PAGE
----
Key points

  • New brand of tiotropium listed for patients with COPD
    Tiotropium 13 micrograms (Braltus) is listed on the General Schedule as an ‘a’ flagged alternative to tiotropium 18 micrograms (Spiriva).
  • Tiotropium (Braltus) is delivered using the Zonda inhaler
    The Zonda device should not be used with any other medicines and should be discarded after 30 doses.
  • Braltus and Spiriva are equally effective at managing COPD
    Braltus and Spiriva both deliver the same dose of tiotropium (10 micrograms) when used with their appropriate inhalation devices.

What’s changed?

On 1 February 2020, a new brand of tiotropium was listed on the PBS General Schedule as a Restricted Benefit for the treatment of chronic obstructive pulmonary disease (COPD).1

At the March 2019 Pharmaceutical Benefits Advisory Committee (PBAC) meeting, tiotropium (Braltus) was recommended as an alternative to the currently listed brand of tiotropium (Spiriva).2

The PBAC advised that tiotropium 13 micrograms (Braltus) and tiotropium 18 micrograms (Spiriva) powder for inhalation capsules could be marked as equivalent for the purposes of substitution by the pharmacist at the point of dispensing (that is, ‘a’ flagged).2

See the PBS website for complete details for each item.


Why was the new listing made?

Tiotropium 13 micrograms (as bromide) powder for inhalation (Braltus) is a generic form of the PBS-listed tiotropium 18 micrograms (as bromide monohydrate) powder for inhalation (Spiriva). In making their decision, the PBAC acknowledged that the TGA accepted tiotropium (Braltus) and tiotropium (Spiriva) are bioequivalent.2

Differences between the two products (ie, labelled metered doses and devices used to deliver the active ingredient) were not sufficient enough for the PBAC to consider them non-equivalent.2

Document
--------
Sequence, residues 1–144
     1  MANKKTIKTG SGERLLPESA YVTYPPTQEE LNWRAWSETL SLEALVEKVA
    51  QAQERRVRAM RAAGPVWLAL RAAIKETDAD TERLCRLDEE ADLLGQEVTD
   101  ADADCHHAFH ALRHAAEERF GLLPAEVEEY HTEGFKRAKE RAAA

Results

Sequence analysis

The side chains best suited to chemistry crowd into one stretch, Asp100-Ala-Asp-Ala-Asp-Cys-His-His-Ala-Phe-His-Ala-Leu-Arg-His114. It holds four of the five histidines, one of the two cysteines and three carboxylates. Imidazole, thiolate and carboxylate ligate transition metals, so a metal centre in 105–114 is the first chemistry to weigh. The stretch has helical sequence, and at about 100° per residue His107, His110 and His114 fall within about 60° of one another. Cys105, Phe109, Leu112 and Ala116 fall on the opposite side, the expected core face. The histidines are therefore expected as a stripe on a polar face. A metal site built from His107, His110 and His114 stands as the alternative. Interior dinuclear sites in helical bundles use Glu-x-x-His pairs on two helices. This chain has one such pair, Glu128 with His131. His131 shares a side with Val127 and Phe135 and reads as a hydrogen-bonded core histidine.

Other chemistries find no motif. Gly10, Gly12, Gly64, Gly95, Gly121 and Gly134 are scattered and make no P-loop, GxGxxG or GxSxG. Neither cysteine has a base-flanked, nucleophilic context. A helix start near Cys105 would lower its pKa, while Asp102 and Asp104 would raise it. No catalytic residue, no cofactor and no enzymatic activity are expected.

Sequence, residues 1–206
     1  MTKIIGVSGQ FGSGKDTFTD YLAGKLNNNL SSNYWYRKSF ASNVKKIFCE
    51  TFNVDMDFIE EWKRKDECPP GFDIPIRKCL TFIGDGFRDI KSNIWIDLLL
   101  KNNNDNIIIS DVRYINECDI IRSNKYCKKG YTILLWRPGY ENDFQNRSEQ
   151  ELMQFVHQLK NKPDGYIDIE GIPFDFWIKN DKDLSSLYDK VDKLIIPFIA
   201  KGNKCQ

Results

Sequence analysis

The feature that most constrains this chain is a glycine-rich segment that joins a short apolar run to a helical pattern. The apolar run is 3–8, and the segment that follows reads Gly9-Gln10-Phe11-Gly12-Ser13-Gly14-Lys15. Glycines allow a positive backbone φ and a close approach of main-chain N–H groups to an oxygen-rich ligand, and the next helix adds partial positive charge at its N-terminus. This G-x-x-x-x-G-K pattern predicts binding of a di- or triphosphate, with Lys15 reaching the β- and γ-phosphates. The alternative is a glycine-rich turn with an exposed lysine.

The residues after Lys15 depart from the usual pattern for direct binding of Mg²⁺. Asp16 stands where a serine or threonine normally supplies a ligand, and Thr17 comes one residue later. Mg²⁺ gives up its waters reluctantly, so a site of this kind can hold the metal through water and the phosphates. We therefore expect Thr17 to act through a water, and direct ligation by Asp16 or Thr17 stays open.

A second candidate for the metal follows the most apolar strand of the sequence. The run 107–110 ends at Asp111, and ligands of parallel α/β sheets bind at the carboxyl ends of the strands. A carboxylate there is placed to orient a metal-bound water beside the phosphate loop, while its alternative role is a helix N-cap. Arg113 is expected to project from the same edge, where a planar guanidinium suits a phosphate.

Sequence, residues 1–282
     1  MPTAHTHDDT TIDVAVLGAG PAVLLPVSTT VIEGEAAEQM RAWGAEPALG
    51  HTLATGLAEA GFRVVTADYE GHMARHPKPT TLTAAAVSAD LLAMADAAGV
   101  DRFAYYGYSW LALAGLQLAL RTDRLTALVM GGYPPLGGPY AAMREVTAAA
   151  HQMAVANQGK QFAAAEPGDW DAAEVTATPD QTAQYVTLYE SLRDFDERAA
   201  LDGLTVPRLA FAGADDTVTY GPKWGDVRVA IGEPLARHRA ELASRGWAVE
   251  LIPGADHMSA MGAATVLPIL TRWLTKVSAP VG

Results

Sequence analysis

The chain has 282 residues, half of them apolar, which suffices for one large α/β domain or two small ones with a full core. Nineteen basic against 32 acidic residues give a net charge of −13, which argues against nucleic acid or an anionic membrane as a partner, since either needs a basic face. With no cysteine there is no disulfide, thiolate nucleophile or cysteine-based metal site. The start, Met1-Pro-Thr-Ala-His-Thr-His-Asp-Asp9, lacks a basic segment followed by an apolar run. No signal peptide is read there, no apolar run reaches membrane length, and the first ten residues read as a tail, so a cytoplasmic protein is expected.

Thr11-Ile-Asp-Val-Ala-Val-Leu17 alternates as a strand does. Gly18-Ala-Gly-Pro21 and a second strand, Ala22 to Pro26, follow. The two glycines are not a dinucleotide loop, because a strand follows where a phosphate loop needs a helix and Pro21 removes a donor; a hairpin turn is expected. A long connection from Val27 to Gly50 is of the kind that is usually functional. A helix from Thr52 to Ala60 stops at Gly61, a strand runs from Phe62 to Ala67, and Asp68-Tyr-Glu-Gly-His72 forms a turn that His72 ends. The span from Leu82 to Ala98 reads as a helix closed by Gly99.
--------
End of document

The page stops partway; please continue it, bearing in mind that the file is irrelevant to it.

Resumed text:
Although Spiriva is delivered using the HandiHaler device and Braltus is delivered using the Zonda device, the PBAC considered the operational steps for the two devices to be similar.2

Patients also use the same inhalation technique with both inhalers.2,3

The PBAC considered any differences between the two medicines that may potentially lead to confusion for prescribers, pharmacists or patients can be managed in the course of regular patient education and counselling on correct device use. Information and education proposed by the sponsor also addresses key quality use of medicine concerns.2

In addition, Australian labelling requirements now specify that the delivered dose be disclosed on the label of all dry powder inhalers.2


Will the changes affect current prescribing?

The listing of tiotropium (Braltus) as an ‘a’ flagged equivalent to tiotropium (Spiriva) means that patients and prescribers can now choose a generic brand of tiotropium for patients with COPD.2,4

However, Braltus and Spiriva have different metered doses (13 and 18 micrograms, respectively), and require use with their own inhalation devices to deliver the same dose of tiotropium (10 micrograms).2 

Braltus should only ever be taken using the Zonda inhaler device, and the Zonda device should not be used with any other medicines.5